Protect your investment and avoid contamination. Stop paying for carcass pick-up and disposal. Control the safety of your stock and profit. The Bio-Burn Incinerator from the Team Ag Division of Metal Plessis, Inc. is biosafe, economical and easy to operate.

Learn more at
www.go-teamag.com
call 819-362-2221,
fax 819-362-6974
email
info@go-storm.com
Visit Booth No. 2105 CB

BinTrac Novonix Corporation

The BinTrac monitor from Novonix Corporation uses a direct-contact sensing technology for continuous bin-level measurement. It uses three or more sensor cables to register the depth of feed in the bin. The signals from all sensor cables are averaged to minimize errors from voids within the feed. The feed level is then computed and displayed on the monitor's LED bar graph. The BinTrac system is not affected by dust, temperature changes, ice or feed density. The monitor can track up to four bins at one time.

Learn more at
www.novonix.com
call 507-344-8005
fax 507-344-8009
Visit Booth No. 735

MicroZone Novonix Corporation

MicroZone is the automatic lamp and mat heating controller from Novonix Corporation. It is compact, rugged and easy to use. It works with the MicroZone Power Modulator to achieve 25-45% lower electrical costs, fewer preweaning deaths, longer equipment life and reduced labor costs. The controller has its own temperature sensor to monitor the piglets' environment. Power modulators automatically regulate power to the heaters from 0 to 100% to compensate for changes in room temperature and animal needs.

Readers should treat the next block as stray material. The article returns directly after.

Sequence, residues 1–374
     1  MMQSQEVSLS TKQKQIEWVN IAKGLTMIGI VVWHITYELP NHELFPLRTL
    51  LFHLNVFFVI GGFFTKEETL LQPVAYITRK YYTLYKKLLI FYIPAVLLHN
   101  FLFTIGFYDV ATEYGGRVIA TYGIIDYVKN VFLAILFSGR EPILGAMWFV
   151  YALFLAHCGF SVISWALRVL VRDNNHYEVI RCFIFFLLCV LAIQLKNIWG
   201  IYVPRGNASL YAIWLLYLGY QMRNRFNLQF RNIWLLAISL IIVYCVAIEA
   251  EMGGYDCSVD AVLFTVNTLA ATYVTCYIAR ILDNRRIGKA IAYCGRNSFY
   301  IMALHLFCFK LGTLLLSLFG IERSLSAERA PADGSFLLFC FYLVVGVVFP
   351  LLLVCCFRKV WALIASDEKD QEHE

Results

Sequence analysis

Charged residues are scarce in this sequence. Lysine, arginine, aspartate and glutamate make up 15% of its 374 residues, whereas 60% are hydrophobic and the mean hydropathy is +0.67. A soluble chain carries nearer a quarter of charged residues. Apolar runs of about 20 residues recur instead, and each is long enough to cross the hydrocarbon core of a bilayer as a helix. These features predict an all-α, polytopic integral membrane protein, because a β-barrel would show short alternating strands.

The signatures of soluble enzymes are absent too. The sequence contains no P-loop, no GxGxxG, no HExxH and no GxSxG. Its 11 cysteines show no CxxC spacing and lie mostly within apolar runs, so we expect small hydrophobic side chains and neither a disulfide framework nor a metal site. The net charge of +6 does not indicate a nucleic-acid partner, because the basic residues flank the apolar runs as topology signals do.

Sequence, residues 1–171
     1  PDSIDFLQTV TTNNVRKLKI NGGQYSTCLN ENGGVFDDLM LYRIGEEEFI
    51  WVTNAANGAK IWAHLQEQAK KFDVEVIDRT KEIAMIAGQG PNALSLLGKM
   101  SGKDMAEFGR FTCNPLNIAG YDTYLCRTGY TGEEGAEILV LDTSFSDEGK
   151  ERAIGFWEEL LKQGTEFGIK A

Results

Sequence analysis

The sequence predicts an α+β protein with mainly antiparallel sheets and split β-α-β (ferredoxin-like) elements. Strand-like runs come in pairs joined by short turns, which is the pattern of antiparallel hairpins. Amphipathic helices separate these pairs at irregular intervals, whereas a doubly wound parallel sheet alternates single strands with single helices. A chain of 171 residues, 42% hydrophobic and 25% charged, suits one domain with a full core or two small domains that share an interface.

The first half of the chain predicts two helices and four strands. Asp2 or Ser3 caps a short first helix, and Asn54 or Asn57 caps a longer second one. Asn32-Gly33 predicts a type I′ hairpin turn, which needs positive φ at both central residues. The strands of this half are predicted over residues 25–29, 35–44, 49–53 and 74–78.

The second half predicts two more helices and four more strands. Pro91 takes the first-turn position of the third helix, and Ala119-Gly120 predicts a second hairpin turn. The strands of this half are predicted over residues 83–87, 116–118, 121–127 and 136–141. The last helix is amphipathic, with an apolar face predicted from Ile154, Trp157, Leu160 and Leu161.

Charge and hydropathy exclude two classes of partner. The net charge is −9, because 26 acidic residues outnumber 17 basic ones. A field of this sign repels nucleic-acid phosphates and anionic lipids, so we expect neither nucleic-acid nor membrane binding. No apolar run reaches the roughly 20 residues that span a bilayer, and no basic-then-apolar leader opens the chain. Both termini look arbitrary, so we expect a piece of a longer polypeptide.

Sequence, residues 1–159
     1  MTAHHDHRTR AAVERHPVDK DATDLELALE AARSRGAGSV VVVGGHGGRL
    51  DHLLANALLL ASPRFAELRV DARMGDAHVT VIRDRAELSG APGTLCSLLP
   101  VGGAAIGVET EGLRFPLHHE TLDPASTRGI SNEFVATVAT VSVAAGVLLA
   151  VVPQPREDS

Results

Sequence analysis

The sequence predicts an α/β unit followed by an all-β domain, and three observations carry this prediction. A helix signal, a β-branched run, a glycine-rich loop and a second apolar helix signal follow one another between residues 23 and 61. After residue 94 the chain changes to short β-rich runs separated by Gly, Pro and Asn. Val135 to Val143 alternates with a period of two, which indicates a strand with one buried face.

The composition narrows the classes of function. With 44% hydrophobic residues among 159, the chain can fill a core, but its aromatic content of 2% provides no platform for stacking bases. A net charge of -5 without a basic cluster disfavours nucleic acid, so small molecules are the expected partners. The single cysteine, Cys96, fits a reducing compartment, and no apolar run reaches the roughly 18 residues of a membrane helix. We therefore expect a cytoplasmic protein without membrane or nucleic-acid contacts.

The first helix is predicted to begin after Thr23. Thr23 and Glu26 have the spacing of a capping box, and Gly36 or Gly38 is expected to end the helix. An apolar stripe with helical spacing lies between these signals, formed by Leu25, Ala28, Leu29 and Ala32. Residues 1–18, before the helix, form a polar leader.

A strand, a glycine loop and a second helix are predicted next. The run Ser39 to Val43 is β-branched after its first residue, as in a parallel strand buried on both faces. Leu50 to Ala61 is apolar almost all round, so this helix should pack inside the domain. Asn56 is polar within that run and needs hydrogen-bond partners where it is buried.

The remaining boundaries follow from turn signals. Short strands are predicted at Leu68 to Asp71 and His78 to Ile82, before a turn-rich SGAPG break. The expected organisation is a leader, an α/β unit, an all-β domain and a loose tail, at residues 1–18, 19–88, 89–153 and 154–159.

Learn more at
www.novonix.com,
call 507-344-8005
fax 507-344-8009
Visit Booth No. 735

DRAXXIN (tulathromycin) Injectable Solution Pfizer Animal Health

Pfizer Animal Health introduces DRAXXIN, a novel antimicrobial from a new triamilide class. It provides rapid, extensive and prolonged lung tissue concentrations and delivers one-dose, full-course treatment against complex SRD. It has been researched and has proven effective against key bacterial pathogens that cause complex swine respiratory disease such as Actinobacillus pleuropneumoniae, Pasteurella multocida, Bordatella bronchiseptica and Haemophilus parasuis.

Learn more at
www.pfizerpork.com
or www.draxxin.com
call 1-888-DRAXXIN
Visit Booth No. 162 VI

PigCHAMP RFID Instant Data System PigCHAMP

The new PigCHAMP RFID (Radio Frequency Identification) Instant Data System allows pork producers to quickly and accurately identify animals for data collection. Data is then easily uploaded into the producer's PigCHAMP record-keeping software systems. By using special RFID ear tags, the rugged, handheld computer can quickly identify the animal accurately so production information is easily entered. This not only saves time, but also eliminates the risk of mis-identification, a major cause of corrupt data.

Learn more at
www.pigchamp.com
call 866-774-4242
Visit Booth No. 574

Nuflor Oral 2.3% Concentrate Solution Schering-Plough Animal Health Corporation

Schering-Plough Animal Health Corporation introduces Nuflor Oral 2.3% Concentrate Solution, the broadest spectrum oral antibiotic available for the treatment of several major causes of swine respiratory disease. Nuflor Oral 2.3% Concentrate Solution contains florfenicol, a novel, fast-acting, long-lasting antibiotic developed by Schering-Plough. The new solution is labeled for the treatment of swine respiratory disease associated with Actinobacillus pleuropneumoniae, Pasteurella multocida, Salmonella choleraesuis and Streptococcus suis Type 2.